nep-ent New Economics Papers
on Entrepreneurship
Issue of 2022‒09‒19
five papers chosen by
Marcus Dejardin
Université de Namur

  1. Enabling factors for the development of sustainable business models in a support programme By Sofia Lamperti; Sylvie Sammut; Jean-Marie Courrent
  2. Issues and Prospects of Women Street Merchants’: A Study in Davanagere District of Karnataka By H, Gopi
  3. SME Credit Conditions in the Pandemic Recovery By Durante, Elena; McGeever, Niall
  4. Excess Liquidity against Predation By Dai ZUSAI
  5. Podnikanie na Slovensku v dobe digitalizácie optikou generácií By Pilková, Anna; Holienka, Marian; Mikus, Juraj; Kovačičova, Zuzana; Rehák, Ján; Greguš, Michal; Gavalcová, Katarína; Chmelová, Michelle; Belušák, Lukáš; Uhnák, Mirka; Mobashar, Mubarik; Jiménez, Sonsoles

  1. By: Sofia Lamperti (Labex Entreprendre - UM - Université de Montpellier, MRM - Montpellier Research in Management - UPVM - Université Paul-Valéry - Montpellier 3 - UPVD - Université de Perpignan Via Domitia - Groupe Sup de Co Montpellier (GSCM) - Montpellier Business School - UM - Université de Montpellier, UM - Université de Montpellier); Sylvie Sammut; Jean-Marie Courrent
    Abstract: Start-ups are important tools for promoting sustainable development through the creation of new ventures with a sustainable business model. However, to make a tangible contribution, start-ups need to embed and balance their sustainability impact in their business model from the very beginning. Incubators are a promising way to support them in this process. Despite the academic interest in incubators, few studies have focused on sustainable incubators in general, and even less on the sustainable business model development process. This study explores how a support programme delivered by an incubator with a sustainability profile can affect the sustainable business model development of start-ups. A case study approach based on a French incubator was used in combination with the resource-based view to understand the creation process of sustainability-oriented ventures and the resource needs of start-ups to achieve a sustainable impact. The results show that besides the classic support services for the development of a sustainable business model, there are additional interesting factors that come into play.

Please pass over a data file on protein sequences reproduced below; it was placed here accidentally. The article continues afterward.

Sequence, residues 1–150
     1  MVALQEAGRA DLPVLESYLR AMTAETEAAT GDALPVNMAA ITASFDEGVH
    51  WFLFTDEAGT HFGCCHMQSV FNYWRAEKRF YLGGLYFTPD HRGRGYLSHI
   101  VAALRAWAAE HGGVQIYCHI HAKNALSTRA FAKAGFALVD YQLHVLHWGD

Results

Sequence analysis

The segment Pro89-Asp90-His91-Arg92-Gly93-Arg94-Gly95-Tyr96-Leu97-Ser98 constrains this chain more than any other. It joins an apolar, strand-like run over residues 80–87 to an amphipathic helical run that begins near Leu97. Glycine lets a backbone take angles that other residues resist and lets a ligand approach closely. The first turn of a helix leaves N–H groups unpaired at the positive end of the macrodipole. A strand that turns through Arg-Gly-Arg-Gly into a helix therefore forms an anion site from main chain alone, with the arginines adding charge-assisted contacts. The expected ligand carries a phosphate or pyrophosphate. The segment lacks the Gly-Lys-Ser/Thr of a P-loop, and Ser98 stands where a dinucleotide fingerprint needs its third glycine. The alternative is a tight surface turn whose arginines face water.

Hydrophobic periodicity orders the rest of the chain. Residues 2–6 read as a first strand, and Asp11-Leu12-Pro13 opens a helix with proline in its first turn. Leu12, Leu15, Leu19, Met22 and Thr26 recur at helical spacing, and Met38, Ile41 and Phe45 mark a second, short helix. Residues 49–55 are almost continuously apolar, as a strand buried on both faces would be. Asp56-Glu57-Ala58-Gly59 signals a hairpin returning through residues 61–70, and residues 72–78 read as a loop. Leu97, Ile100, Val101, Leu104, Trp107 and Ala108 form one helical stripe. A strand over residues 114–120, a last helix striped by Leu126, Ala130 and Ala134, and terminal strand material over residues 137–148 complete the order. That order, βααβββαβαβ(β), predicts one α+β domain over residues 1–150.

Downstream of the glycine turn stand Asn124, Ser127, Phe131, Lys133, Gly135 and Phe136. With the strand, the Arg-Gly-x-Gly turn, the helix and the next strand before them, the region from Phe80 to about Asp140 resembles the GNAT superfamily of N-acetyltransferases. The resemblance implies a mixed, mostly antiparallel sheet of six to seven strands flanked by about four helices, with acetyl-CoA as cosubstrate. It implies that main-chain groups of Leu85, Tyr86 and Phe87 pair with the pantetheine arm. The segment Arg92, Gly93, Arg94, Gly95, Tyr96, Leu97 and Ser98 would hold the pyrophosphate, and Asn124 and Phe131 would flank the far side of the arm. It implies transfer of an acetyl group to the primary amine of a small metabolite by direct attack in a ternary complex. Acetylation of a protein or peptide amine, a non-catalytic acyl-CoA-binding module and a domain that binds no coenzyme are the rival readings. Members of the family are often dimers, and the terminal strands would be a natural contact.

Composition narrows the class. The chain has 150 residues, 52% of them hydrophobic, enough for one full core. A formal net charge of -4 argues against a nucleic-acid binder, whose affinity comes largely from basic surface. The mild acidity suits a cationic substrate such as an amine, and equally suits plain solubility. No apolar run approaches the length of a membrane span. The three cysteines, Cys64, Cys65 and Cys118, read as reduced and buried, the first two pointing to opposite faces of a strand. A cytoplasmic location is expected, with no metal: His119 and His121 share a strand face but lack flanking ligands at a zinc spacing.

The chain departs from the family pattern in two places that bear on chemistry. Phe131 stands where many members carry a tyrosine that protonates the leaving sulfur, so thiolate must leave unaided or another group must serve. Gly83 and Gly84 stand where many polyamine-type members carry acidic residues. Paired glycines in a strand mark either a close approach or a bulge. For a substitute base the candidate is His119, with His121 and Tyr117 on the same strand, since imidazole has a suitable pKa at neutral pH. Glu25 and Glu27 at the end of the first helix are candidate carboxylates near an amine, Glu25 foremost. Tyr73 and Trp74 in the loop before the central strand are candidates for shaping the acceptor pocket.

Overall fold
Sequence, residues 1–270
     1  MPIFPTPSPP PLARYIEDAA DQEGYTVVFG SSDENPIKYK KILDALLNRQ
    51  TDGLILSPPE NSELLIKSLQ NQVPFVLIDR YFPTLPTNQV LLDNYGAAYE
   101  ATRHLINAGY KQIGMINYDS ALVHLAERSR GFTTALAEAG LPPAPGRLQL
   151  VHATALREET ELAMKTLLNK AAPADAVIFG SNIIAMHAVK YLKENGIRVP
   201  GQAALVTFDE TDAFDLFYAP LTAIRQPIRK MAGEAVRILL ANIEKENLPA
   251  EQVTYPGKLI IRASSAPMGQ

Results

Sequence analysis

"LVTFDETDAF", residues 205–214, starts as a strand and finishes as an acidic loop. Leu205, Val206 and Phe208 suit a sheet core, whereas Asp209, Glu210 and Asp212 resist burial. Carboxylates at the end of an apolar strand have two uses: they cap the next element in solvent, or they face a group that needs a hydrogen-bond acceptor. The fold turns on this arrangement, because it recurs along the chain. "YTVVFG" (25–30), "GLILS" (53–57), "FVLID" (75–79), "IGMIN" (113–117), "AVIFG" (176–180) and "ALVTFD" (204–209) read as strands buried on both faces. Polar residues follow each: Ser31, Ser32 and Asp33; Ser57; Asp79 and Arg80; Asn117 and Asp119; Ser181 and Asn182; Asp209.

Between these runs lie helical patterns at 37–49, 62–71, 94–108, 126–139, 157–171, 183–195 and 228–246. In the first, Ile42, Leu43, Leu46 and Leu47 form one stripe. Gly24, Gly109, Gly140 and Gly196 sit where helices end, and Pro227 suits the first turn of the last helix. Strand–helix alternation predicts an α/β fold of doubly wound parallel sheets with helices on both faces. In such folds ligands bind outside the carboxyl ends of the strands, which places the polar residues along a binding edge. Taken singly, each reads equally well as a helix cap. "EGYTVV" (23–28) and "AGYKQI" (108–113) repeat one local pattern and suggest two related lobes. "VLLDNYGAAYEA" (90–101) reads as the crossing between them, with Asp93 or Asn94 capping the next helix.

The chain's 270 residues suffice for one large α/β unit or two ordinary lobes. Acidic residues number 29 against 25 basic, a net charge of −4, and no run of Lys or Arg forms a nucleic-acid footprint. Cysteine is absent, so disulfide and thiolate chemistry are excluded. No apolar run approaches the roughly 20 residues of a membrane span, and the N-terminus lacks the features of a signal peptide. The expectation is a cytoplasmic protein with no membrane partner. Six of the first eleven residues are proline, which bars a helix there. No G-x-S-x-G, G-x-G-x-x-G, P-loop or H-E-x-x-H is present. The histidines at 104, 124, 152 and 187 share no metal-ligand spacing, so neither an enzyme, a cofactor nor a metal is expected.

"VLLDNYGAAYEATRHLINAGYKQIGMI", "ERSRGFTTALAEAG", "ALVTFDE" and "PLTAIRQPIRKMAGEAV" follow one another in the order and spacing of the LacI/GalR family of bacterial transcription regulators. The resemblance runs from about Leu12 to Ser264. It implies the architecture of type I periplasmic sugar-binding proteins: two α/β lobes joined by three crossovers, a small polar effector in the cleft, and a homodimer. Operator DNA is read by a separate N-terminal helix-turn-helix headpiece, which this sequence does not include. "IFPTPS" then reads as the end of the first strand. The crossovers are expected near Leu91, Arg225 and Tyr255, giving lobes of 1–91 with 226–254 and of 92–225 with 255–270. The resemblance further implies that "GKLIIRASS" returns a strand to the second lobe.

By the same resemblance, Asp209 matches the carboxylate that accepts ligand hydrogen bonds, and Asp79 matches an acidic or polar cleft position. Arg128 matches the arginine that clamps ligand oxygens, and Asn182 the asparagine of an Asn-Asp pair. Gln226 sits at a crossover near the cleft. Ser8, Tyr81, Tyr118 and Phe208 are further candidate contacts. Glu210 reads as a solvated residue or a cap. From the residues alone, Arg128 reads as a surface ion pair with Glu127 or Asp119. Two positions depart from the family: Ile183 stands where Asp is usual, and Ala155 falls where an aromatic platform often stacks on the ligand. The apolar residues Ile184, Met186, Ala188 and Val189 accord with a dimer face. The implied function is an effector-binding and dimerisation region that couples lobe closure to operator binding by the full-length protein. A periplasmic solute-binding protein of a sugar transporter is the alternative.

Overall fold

Date: 2021–09–30
  2. By: H, Gopi
    Abstract: Predominance of informal employment has been one of the central features of the labor market scenario in India. While the sector contributes around half of the GDP of the county, its dominance in the employment front is such that more than 90% of the total workforce has been engaged in the informal economy. As per survey carried out by the National Sample Survey Organization in the year 2011-12, the total employment in both organized and unorganized sector in the country was of the order of 47 crores. Out of this, about 8 crores were in the organized sector and the balance of 39 crore in the unorganized sector. The workers in the unorganized sector constitute more than 90 percent of the total employment in the country. Women unorganized force has virtually shared the total labor force across the nation. Likewise, Karnataka is also has been running most of the women entrepreneurs in an unorganized sector. Davanagere is one of the emerging districts in Karnataka state which has major commercial places, due to lack of finance, advances, technical issues and exploitation from the dominance hands many of the women entrepreneurs do not ready to involve under organized sector. Nowadays, especially the street vendors appearing more than organized shop labor force. They do survival their businesses in an unorganized sector with many issues. Therefore, the study aims to analyze the problems and prospects of women street vendors’ of Davanagere district. The analysis considered both primary and secondary sources and with a systematic presentation which is going to analyzed by required statistical tools followed by the interpretation.
    Keywords: Street Vendor, GDP, Unorganized labor, Organized labor, Entrepreneur
    JEL: D11 D14 D18 D6 D8 J5
    Date: 2021–11–13
  3. By: Durante, Elena (Central Bank of Ireland); McGeever, Niall (Central Bank of Ireland)
    Abstract: We analyse the credit conditions facing Irish SMEs in the context of the pandemic recovery. SME trading performance has continued to improve, with turnover and profitability indicators rebounding significantly from pandemic lows. Government policy supports have been large and composed mainly of grants. These supports have provided extensive liquidity support to firms and mitigated debt overhang risks, while also likely weighing on demand in the formal credit market. New bank lending to SMEs has fallen moderately and this has been mainly driven by declines in lending to pandemic-affected sectors. SME demand for credit remains low. Credit supply indicators show little sign of stress, with loan application rejection rates remaining steady. The tapering of government supports to businesses may result in a rise in credit demand over the coming months.
    Date: 2022–04
  4. By: Dai ZUSAI
    Abstract: To investigate why a firm may hold excess liquidity, we examine a duopoly competition in which a shallow-pocket entrant needs the financial support of an outside investor to pay for input costs and launch a business. We allow the investor to terminate the entry if they find the incumbent react too aggressively to the entry plan. However, such an exit option creates a threat of predation by a deep-pocket competitor. To avoid predation, the entrant must raise precautionary liquidity by taking out a loan both larger and further in advance than is actually needed. An entrant with little start-up capital will be less aggressive if the incumbent fs capacity size is unverifiable, because the need to raise precautionary liquidity restricts the entrant's feasible capacity size.
    Date: 2022–08